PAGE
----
118.-(1) No tenant of immovable property, or person claiming through such tenant, shall during the continuance of the tenancy be permitted to deny that the landlord of the tenant had at the beginning of the tenancy a title to the immovable property.

[Emphasis added]

66. The difficulty in this case lies in the words I have italicised above. The defendant took the position that the lease was "bad in law" in March 2013. At that time, the tenancy of Premises A was continuing. But by the time the plaintiff's application for summary judgment came up for hearing before me, it was common ground that that tenancy had terminated. The question then arises whether s 118 applies to estop the defendant.

67. This section gives effect to one half of the doctrine of tenancy by estoppel at common law. Furthermore, it enacts that half of the doctrine as it was understood at the time of its enactment in 1893. The full doctrine of tenancy by estoppel is bilateral: applying both to the landlord and the tenant. Wee Chong Jin J put the doctrine in this way in Methani v Perianayagam [1961] 1 MLJ 5, relying on English common law:

The doctrine is that a tenant may not question his landlord's title and, conversely, that a landlord having by his offer of a tenancy induced a tenant to enter into (or remain in) occupation and to pay rent, cannot deny the validity of the tenancy by alleging his own want of title to create it (see Harman J delivering the judgment of the Court of Appeal in EH Lewis & Son Ltd v Morelli [1948] 2 All ER 1023 at p 1024).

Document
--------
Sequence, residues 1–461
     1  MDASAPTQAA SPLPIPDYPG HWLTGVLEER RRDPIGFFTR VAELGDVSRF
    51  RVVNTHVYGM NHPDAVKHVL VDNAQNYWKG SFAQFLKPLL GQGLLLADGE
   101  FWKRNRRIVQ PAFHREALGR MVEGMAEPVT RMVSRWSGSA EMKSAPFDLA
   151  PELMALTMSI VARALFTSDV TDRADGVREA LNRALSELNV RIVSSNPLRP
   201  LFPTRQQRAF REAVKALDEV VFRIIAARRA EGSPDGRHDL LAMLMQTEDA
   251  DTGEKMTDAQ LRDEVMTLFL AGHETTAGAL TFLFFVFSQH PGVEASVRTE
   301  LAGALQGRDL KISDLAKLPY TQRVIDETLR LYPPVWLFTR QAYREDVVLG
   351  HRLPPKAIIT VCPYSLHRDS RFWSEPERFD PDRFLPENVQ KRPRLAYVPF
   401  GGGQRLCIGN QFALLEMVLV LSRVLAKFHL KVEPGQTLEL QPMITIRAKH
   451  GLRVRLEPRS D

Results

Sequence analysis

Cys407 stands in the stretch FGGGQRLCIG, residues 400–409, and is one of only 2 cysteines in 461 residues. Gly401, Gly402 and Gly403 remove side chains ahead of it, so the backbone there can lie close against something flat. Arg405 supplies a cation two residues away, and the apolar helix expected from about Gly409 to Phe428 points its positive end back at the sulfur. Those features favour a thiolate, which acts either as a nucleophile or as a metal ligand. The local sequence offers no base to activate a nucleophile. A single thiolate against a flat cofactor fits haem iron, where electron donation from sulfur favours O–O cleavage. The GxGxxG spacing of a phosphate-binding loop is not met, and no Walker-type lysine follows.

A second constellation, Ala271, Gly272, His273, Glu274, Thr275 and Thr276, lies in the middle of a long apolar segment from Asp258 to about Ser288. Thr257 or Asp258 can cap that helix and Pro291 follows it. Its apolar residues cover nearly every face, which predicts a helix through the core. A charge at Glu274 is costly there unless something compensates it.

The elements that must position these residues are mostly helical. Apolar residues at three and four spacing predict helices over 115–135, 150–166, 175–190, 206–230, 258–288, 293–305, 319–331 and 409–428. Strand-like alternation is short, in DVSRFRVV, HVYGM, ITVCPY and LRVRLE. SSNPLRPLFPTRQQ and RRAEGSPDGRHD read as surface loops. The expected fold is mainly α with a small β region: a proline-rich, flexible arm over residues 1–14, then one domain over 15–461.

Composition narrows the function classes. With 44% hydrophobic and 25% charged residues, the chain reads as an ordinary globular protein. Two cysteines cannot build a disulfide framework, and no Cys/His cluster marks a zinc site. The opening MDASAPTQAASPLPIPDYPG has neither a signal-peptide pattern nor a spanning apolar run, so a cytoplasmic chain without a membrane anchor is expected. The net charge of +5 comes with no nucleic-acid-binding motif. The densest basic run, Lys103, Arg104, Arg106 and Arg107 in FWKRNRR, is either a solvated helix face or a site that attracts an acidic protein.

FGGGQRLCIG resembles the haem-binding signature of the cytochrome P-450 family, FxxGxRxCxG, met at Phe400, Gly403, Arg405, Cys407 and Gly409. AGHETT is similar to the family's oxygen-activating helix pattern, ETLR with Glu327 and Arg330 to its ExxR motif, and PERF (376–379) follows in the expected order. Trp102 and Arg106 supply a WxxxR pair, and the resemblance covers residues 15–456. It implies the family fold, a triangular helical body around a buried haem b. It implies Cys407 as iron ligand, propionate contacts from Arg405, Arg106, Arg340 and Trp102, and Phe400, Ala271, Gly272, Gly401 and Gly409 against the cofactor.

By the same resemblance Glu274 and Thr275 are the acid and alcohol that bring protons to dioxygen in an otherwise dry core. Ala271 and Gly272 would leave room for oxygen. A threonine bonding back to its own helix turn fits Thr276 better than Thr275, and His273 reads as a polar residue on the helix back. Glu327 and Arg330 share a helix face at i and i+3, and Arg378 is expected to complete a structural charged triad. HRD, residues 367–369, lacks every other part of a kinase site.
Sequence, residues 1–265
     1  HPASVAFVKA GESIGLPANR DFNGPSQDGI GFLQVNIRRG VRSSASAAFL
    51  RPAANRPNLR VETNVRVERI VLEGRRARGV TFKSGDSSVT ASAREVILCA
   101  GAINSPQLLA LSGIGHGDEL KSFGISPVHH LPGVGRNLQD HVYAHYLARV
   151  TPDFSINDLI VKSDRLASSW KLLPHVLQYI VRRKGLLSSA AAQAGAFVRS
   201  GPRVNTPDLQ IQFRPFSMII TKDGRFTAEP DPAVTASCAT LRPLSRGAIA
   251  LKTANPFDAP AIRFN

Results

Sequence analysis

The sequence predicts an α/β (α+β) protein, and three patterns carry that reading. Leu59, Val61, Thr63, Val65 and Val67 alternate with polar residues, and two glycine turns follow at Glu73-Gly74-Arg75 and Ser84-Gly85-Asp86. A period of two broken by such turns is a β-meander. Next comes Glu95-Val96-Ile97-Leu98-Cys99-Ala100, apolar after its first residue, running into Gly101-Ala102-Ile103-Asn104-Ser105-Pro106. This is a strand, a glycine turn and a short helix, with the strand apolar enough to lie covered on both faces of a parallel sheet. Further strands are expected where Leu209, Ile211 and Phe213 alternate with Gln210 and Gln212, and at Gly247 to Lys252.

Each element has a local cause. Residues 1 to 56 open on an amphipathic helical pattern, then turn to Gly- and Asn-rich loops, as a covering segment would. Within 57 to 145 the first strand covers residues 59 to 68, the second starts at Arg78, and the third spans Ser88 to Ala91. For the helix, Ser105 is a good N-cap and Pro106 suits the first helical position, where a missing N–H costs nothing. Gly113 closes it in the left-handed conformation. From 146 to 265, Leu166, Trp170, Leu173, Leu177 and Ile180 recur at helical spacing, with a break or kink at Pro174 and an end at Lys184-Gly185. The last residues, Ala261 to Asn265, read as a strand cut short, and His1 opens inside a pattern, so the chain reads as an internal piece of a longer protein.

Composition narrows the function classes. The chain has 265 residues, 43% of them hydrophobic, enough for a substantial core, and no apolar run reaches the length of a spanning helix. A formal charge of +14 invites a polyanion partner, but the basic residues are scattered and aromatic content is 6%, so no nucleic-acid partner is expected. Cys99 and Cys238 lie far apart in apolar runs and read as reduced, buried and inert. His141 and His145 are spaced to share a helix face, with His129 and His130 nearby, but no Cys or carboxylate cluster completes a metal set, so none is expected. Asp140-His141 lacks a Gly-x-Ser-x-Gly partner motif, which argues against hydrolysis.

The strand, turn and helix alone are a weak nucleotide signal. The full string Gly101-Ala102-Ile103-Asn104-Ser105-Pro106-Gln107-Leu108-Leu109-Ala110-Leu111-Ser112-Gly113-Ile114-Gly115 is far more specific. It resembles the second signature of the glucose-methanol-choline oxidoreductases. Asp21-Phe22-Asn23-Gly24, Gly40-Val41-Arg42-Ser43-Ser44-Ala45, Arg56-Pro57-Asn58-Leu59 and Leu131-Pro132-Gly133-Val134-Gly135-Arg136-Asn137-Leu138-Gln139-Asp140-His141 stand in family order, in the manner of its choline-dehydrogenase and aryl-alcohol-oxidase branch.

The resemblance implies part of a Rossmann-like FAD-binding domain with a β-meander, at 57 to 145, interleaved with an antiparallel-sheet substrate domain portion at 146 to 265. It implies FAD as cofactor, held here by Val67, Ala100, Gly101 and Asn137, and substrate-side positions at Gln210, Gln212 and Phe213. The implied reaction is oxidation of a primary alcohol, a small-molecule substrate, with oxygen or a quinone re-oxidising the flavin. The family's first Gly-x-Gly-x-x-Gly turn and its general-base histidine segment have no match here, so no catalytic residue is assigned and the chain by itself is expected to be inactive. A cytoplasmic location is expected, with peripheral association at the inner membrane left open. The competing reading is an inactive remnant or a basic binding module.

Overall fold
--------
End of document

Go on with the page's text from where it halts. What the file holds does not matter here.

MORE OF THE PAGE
68. The principles underlying tenancy by estoppel are summarised by the learned authors of Tan Sook Yee, Tang Hang Wu and Kelvin F K Low, Tan Sook Yee's Principles of Singapore Land Law (LexisNexis, 3rd Ed, 2009) ("Principles of Singapore Land Law") at para 17.23 as follows:

"The principle of estoppel as it applies in this context is that it precludes a person who has held out that a certain state of facts exists, thereby inducing the other party to act on this to his detriment, from denying the truth of the state of facts. In the context of landlord and tenant relationship, it means that a landlord, who may in fact have no title or estate that would support the lease he had purported to grant, is precluded from denying that he had such a right. Likewise, the tenant in such a case, provided his possession is undisturbed, is precluded from denying that the landlord has the title to create the tenancy. The estoppel arises either by deed or by the landlord's umambiguous representation as to his title which the tenant relies upon when he takes the lease. Thus, where the parties accept that there is a landlord and tenant relationship between them even though the landlord may not have the interest to generate the tenancy, a tenancy by estoppel arises ..."

69. Lord Hoffmann in Bruton v London & Quadrant Housing Trust [2000] 1 AC 406 at p 413 clarified that it is the relationship between the parties which precedes and gives rise to the estoppel: